Balance 2.0

Balance 2.0

Author: Monisha Vasa

Ying Zhao Liu, Design Director at LinkedIn and zen temple resident, recently said at the Wisdom 2.0 conference in San Francisco, "Balance is a zero sum game that we cannot win. Instead, we must focus on integration...balance implies scarcity, integration implies abundance."

I found her statement to be brilliant. I often struggle with compartmentalizing my life, labeling the different parts as "family", "work", "hobbies", "friends", as if they fit into neat little boxes within my world. If one box expands, another by necessity shrinks. And the true reality is that all of those boxes are constantly overflowing, each email and blog post and birthday treat vying for my energy and attention.

This is why the idea of work life integration speaks to my core. I love the idea that who I am, in all of the different parts of my life, is one and the same. The psychiatrist in me influences how I mother, and the mother in me influences how I treat patients. The writer in me helps me create the narratives of my life, bringing creativity and awareness to all parts of my being. Trying to prioritize these identities within me in the quest for "balance" feels like trying to pry apart the five fingers on my hand.

When we speak of integration, we can think of our whole selves operating in all of the different spheres of our lives. The growth of one part only benefits the greater whole. This resonates with me so much more than the idea of balance, where it feels like the different parts of me compete for a finite amount of attention. Integration implies that we have the resources and the energy that we need. There is time, because we will always find a way, eventually, to create space for that which feels important to us.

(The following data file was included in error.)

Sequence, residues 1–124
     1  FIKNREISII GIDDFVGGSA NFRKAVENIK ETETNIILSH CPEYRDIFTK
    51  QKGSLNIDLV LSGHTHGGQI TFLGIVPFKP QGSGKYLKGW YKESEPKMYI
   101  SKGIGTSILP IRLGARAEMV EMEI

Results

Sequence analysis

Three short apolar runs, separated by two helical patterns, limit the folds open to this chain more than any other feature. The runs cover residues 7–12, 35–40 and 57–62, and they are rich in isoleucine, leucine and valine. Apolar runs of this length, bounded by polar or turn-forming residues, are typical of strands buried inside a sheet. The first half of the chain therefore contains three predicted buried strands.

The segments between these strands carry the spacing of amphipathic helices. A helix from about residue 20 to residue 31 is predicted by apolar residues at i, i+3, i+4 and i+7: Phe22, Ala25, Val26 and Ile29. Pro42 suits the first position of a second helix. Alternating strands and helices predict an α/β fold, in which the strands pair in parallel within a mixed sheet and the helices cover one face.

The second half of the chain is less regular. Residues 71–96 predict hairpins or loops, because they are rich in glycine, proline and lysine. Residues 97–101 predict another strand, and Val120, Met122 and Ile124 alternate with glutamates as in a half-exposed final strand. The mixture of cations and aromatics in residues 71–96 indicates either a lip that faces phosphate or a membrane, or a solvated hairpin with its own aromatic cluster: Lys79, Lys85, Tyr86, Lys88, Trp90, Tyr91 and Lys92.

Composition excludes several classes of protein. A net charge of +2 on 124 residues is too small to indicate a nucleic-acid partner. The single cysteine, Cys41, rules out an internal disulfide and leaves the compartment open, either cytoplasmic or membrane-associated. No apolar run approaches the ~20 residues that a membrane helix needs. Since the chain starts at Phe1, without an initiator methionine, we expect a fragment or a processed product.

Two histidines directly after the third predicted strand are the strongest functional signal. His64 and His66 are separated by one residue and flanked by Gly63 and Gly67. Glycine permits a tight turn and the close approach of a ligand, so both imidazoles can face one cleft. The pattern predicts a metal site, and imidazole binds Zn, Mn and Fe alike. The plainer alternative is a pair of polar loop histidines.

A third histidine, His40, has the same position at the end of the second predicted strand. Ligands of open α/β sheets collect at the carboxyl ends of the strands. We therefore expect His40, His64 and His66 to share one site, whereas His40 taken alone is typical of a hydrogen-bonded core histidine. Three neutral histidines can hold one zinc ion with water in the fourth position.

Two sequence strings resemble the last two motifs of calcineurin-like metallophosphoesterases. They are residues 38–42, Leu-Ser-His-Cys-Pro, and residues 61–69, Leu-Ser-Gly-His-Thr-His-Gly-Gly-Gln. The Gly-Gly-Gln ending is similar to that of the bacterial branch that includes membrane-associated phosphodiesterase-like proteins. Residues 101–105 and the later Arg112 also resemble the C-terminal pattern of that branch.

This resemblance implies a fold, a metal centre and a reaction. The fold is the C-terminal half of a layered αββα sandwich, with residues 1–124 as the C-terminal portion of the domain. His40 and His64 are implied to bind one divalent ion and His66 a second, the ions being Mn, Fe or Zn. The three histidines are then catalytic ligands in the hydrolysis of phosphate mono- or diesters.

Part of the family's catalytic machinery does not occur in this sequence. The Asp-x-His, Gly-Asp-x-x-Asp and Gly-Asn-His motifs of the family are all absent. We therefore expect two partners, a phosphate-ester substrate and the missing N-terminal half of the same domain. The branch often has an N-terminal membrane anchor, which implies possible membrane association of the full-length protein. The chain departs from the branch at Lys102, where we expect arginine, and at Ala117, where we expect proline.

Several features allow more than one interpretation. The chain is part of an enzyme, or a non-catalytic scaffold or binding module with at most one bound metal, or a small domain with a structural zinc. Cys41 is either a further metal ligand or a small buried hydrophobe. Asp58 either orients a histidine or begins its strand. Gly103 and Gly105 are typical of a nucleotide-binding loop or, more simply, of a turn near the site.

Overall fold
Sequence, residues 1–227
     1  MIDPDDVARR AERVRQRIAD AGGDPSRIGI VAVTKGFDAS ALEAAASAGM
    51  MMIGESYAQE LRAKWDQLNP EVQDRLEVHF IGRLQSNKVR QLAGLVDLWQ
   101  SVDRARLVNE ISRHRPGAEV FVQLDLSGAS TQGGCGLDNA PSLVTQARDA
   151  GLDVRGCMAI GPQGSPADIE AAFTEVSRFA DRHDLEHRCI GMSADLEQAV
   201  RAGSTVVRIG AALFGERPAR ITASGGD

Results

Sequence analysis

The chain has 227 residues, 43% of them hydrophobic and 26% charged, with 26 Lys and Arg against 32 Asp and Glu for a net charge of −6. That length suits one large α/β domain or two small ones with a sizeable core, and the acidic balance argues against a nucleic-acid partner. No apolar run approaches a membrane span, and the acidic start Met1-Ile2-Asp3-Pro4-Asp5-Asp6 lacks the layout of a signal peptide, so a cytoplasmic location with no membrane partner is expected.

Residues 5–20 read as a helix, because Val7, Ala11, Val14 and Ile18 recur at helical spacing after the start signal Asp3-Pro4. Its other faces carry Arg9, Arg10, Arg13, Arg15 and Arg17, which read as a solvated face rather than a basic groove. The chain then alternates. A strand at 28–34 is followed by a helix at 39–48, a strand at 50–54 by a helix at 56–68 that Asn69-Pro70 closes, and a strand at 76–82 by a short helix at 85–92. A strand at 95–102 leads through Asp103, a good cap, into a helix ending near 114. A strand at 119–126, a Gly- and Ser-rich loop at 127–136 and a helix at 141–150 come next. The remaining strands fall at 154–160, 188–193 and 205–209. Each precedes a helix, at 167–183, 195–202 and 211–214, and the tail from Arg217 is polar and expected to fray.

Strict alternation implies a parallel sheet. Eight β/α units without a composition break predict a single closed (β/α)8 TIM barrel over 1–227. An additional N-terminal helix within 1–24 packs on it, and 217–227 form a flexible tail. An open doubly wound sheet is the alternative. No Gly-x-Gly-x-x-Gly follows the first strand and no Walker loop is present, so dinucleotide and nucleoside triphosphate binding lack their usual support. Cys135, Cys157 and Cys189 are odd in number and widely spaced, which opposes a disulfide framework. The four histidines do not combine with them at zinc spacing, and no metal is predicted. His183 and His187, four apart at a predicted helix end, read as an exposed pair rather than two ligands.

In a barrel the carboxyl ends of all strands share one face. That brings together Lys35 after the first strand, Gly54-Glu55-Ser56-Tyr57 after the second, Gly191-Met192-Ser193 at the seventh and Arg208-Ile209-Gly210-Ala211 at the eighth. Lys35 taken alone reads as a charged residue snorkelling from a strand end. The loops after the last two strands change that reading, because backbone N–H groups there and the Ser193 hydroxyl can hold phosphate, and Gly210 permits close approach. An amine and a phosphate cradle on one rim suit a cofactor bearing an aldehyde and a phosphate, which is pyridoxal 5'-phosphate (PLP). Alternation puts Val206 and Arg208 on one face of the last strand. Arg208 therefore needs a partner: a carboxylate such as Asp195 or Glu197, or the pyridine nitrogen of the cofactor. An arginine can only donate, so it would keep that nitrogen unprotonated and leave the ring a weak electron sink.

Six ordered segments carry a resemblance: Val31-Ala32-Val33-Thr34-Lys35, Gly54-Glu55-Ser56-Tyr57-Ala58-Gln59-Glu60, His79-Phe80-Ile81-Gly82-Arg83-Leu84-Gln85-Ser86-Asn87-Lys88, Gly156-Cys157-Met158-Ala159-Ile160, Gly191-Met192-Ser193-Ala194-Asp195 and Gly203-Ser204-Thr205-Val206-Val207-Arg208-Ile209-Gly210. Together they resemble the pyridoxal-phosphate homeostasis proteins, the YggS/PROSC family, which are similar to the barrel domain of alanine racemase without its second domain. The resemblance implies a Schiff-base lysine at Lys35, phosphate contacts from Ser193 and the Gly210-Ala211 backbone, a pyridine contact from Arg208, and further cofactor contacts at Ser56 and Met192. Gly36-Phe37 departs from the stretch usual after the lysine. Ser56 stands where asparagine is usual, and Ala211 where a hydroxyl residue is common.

So how can we bring a little more integration into the fullness of everyday life? Here are three tips to maintain that sense of connection as we navigate our careers, families, and everything else:

1. Stay Present: When we are working, work with full presence and awareness. And when we are with our families, be there with full presence and awareness. When dinner is interrupted by work calls, or work is interrupted by a sense of guilt at missing a class volunteer opportunity, we start to feel fragmented and exhausted. Wherever you are, occupy that moment and that role as fully as you can by tuning into your breath, or feeling your feet on the floor.

2. Find Meaning: No matter the nature of our work, we can almost always connect to a deeper meaning or purpose. Why do we do what we do? How do we serve a need within us, or a need in the world outside of us? What is our little corner of the world? When we can connect to our work as important and meaningful, we can bring our whole heart to what we do. Our work becomes less of a "job", and more an extension of who we are.

3. Allow Rest: When we are motivated and involved, life moves forward at full speed. We give all of ourselves at work, and to our family and friends. We exercise, we volunteer, we cook, we care for parents and children and animals. No matter how integrated life feels, when there is just too much life, things start to fall apart at the seams. Make sure you are building in time for self care and rest. Create time to do nothing at all. Find time to just be. Take things off of the to do list. We all have at least ten or fifteen minutes in a day to decompress and allow ourselves to rest and relax completely in mind, body, and spirit.

Integrating work into the fabric of who we are and our broader lives allows for less fatigue, less burnout, and greater overall satisfaction. How each of us weaves the strands of our lives together varies based on who we are and what is important to each of us. The beauty lies in our ability to be fully who we are, always.

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